Michella Welch, a petite 12-year old girl with long blond hair and glasses, went missing on 26 March 1986. She had taken her two younger sisters to Puget Park in Tacoma, Washington at about 10 a.m. and then rode her bicycle home about 11 a.m. to make lunch for them. When she returned, she chained her bike next to one of her sister's bikes, set the lunches on the table and went looking for her siblings, who had gone to a nearby business to use the restroom.
A 13-year-old classmate later told detectives he saw a man in the park that day under the Proctor Bridge who kept looking at the girls. The man was never found.
When Michella's sisters returned to the park about 1:15 p.m., they did not see her, so they went and played near a cave under the bridge for another half an hour. When the sisters returned to the park, they found a brown paper bag with their lunches on the table but no Michella. They called her name from the edge of the gulch and started down a trail looking for her before their babysitter summoned them back.
By 3:10 p.m., officers arrived at the park and started searching for the missing girl. A tracking dog found her body about 11:30 p.m. in a makeshift fire pit area in the gulch. She had been beaten and sexually assaulted and died from a cut to the neck.
A six-person task force was formed after Michella Welch and another young Tacoma girl, Jennifer Bastian, were killed within months of each other. More than 10,000 investigative hours went into the cases in 1986. Thousands of tips were investigated, but no one was ever linked to either slaying. DNA from the killer did not match any of the 11 million or so DNA profiles in a national database of felons.
Because of the close proximity of the Welch and Bastian cases and their many similarities, investigators had long believed one person committed both crimes, but recent DNA testing showed that two individuals were separately involved — one in each case. Neither DNA profile had resulted in a CODIS match, so in 2015 detectives employed Snapshot® DNA Phenotyping to predict the physical appearance of each suspect.
In May of 2016, Parabon delivered Snapshot Phenotype reports to the members of the task force. The DNA showed that although both men were Caucasian, trait predictions suggested they had notable phenotypic differences. The suspect for the Michella Welch case was predicted to most likely have fair skin, brown eyes, and brown hair. Additionally, while both men were of predominantly Northern European ancestry, the suspect in the Welch case had a small but notable amount of Northern Native American admixture (~9%).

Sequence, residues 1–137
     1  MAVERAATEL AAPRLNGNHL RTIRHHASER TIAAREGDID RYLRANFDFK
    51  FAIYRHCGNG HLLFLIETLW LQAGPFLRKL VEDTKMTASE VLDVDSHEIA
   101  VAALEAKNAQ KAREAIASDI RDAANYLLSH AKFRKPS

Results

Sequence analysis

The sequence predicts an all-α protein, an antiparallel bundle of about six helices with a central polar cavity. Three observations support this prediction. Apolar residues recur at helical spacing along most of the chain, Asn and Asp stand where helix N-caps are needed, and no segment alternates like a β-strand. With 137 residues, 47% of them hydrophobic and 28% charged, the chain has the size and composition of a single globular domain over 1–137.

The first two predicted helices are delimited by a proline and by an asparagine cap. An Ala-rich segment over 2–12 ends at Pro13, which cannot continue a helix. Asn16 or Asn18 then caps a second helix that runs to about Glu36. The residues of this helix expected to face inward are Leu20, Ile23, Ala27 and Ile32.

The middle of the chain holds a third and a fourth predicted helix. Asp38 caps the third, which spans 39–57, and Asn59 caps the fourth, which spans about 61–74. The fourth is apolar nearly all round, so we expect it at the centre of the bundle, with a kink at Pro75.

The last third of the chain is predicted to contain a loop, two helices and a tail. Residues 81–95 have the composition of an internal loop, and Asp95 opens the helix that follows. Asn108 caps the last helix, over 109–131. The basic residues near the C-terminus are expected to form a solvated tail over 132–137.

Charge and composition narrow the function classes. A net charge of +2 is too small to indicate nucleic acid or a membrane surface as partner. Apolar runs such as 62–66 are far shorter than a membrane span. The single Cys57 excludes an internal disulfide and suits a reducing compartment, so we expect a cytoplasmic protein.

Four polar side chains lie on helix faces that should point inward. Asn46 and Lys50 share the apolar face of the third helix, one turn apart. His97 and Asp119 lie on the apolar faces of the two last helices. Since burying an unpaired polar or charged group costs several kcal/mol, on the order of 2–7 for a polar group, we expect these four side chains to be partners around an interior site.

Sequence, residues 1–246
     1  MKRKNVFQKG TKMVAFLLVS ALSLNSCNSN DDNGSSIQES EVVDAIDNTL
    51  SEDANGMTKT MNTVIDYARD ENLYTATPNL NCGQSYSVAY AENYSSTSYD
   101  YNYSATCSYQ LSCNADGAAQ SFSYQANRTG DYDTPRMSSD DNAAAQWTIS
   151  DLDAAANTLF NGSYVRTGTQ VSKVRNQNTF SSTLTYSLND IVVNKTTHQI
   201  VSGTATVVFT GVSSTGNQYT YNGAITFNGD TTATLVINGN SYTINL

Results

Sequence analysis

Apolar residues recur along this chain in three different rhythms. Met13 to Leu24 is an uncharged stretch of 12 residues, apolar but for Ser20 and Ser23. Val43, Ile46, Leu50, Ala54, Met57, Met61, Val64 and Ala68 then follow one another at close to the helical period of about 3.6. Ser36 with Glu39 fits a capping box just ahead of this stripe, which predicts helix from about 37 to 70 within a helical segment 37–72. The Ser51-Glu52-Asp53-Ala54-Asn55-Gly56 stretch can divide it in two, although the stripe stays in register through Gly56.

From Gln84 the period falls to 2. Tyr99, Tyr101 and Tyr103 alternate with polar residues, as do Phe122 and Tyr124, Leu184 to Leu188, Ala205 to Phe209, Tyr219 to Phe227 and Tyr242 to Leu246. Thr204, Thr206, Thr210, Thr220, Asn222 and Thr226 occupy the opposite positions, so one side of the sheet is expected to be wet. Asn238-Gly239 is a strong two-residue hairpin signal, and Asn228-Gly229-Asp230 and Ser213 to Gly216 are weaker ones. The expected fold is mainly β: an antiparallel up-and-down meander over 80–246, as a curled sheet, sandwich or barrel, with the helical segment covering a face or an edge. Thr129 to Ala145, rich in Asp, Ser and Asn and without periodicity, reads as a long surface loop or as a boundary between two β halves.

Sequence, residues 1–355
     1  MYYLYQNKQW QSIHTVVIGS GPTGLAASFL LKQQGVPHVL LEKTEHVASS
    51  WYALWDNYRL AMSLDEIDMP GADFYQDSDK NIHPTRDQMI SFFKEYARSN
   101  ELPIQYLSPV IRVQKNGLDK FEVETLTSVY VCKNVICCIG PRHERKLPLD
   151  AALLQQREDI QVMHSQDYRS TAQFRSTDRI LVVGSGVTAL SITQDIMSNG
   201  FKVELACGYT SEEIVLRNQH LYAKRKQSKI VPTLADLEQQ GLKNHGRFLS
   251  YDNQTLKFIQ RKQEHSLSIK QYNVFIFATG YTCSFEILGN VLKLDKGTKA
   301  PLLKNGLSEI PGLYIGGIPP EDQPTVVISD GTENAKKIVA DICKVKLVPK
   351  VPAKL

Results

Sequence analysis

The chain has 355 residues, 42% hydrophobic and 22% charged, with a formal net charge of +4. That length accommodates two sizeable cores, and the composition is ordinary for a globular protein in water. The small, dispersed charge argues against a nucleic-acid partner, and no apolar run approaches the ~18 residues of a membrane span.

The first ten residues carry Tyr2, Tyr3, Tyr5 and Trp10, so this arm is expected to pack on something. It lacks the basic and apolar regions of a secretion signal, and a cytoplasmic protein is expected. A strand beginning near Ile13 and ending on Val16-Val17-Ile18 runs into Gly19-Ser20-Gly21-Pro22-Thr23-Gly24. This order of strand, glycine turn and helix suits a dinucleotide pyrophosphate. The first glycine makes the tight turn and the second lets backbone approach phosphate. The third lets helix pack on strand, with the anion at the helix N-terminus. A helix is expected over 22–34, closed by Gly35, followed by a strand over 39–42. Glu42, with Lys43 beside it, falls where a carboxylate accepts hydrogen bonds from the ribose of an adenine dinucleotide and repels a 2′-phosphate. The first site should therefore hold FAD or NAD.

After release of the Snapshot Phenotype Reports, the Tacoma Police Department activated its Child Abduction Response Team (CART) and restarted the investigation as is if it had just occurred. Approximately 60 people participated in the cold case child abduction exercise, including representatives from FBI, Pierce County Department of Emergency Management and South Sound 911. A tip line was opened, and detectives were sent out to follow up on the resulting leads.
The Snapshot Report
In May of 2018, Tacoma Police detectives gave approval to Parabon NanoLabs for the DNA data from Michella Welch's killer to be uploaded to GEDmatch, a public, genetic genealogy database which permits searches of this type. Initial screening of the results by Parabon indicated that in-depth genealogy analysis could potentially provide significant information regarding the identity of the suspect. Tacoma Police quickly approved Parabon to proceed with Snapshot Genetic Genealogy analysis.
"Genetic genealogy uses DNA technology to identify subjects by matching the unknown profile to a family member," Tacoma Police Chief Don Ramsdell told reporters at a news conference Friday. "Traditional genealogy is then used to build a family tree from publicly available websites."
By building the family trees of the genetic matches found in GEDmatch back to possible common ancestors with the suspect and then narrowing down the possible descendants using the amount of shared DNA and the Snapshot ancestry prediction, genetic genealogy identified two suspects: Gary Charles Hartman and his brother. Both had lived in Tacoma, WA when Welch was murdered. The pair was placed under police surveillance.
Probable Cause and Arrest
Officers eventually followed Gary Hartman into a restaurant, where they obtained a napkin he had used and discarded. Traditional STR analysis showed that the DNA on the napkin matched that found at the crime scene, and police subsequently arrested Hartman. Hartman was working as a community nurse specialist at Western State Hospital and had a clean criminal record, according to reports.
More than thirty years after 12-year-old Michella Welch was found murdered in a Washington park, investigators announced that they had arrested a suspect in her murder. Police charged Gary Charles Hartman, 66, with murder and rape after DNA taken from a napkin he used matched that found at the crime scene. "DNA technology is rapidly advancing. If you're a criminal who left DNA at a crime scene, you might as well turn yourself in now. We will eventually catch you," said Pierce County Prosecutor Mark Lindquist. Hartman is currently awaiting trial.
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About Parabon NanoLabs, Inc.
Parabon NanoLabs is a vertically integrated DNA technology company that develops next-generation forensic and therapeutic products by leveraging the enormous power of DNA. Staffed by a uniquely qualified team of scientists and technologists whose expertise ranges from bioinformatics and chemistry to computer science and pharmacology, Parabon is bringing to market revolutionary new products and services made possible by recent advances in DNA sequencing, analysis and manufacturing technologies.